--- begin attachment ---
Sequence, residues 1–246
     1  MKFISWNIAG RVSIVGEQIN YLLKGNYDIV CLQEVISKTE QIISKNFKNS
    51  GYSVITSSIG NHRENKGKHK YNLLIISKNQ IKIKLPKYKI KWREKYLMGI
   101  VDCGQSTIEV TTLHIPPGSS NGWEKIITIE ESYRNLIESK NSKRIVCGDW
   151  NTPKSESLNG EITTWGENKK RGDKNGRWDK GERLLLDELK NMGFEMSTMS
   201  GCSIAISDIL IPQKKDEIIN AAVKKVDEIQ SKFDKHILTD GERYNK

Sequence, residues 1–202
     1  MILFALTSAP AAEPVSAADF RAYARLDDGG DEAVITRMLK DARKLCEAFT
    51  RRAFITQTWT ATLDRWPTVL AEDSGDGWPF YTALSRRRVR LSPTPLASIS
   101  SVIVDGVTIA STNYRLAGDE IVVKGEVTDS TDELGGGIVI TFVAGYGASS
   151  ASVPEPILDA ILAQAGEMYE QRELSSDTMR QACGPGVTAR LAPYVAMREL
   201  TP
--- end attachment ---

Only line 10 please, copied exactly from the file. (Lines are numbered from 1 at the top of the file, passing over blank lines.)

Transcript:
   101  SVIVDGVTIA STNYRLAGDE IVVKGEVTDS TDELGGGIVI TFVAGYGASS